We recommend increasing your bandwidth limits. This helps the network by increasing the amount of available bandwidth which will in turn improve your I2P experience. Bandwidth settings are located on the http://localhost:7657/config page. Please be aware of your internet connection's limits as determined by your ISP, and adjust your settings accordingly.
We also recommend setting a sufficient amount of shared bandwidth - this allows for participating tunnels to be routed through your I2P router. Allowing participating traffic keeps your router well-integrated in the network and improves your transfer speeds.
I2P is a work in progress. Lots of improvements and fixes are being implemented, and, generally speaking, running the latest release will help your performance. If you haven't, install the latest release.
Often this error will occur with any network enabled java software on some systems that are configured to use IPv6 by default. There are a few ways to solve this:
On Linux based systems, you can
echo 0 > /proc/sys/net/ipv6/bindv6only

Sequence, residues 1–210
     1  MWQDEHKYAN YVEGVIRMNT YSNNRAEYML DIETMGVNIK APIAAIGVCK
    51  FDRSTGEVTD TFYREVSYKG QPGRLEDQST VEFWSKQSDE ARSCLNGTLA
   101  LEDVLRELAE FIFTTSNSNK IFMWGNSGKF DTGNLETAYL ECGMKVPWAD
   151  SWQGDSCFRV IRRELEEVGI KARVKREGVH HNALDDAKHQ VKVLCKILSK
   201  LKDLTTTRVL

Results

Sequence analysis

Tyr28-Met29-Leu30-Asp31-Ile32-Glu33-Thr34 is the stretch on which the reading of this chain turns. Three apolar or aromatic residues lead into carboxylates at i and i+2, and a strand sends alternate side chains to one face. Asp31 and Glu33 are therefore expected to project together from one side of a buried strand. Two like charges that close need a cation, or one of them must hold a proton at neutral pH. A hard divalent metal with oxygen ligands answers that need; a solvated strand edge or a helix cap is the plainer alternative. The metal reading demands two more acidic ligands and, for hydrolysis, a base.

- Look for the following lines in
If the lines are there, uncomment them by removing the "#"s. If the lines are not there, add them without the "#"s.
WARNING: For any changes to
wrapper.config to take effect, you must completely
stop the router and the wrapper. Clicking Restart on your
router console will NOT reread this file! You must
click Shutdown, wait 11 minutes, then start I2P.
If you consider every eepsite that has ever been created, yes, most of them are down. People and eepsites come and go. A good way to get started in I2P is check out a list of eepsites that are currently up. http://identiguy.i2p.xyz tracks active eepsites.
The Tanuki java service wrapper that we use opens this port —bound to localhost— in order to communicate with software running inside the JVM. When the JVM is launched it is given a key so it can connect to the wrapper. After the JVM establishes its connection to the wrapper, the wrapper refuses any additional connections.
More information can be found in the wrapper documentation.
You may report any bugs/issues that you encounter on our bugtracker, which is available over both clearnet and I2P. We have a discussion forum, also available on I2P and clearnet. You can join our IRC channel as well: either through our IRC network, IRC2P, or on Freenode.
- Our Bugtracker:
- Our forums: i2pforum.net
- Join #i2p-dev Discuss with the developers on IRC
Please include relevant information from the router logs page which is available at: http://127.0.0.1:7657/logs. We request that you share all of the text under the 'I2P Version and Running Environment' section as well as any errors or warnings displayed in the various logs displayed on the page.
Great! Find us on IRC: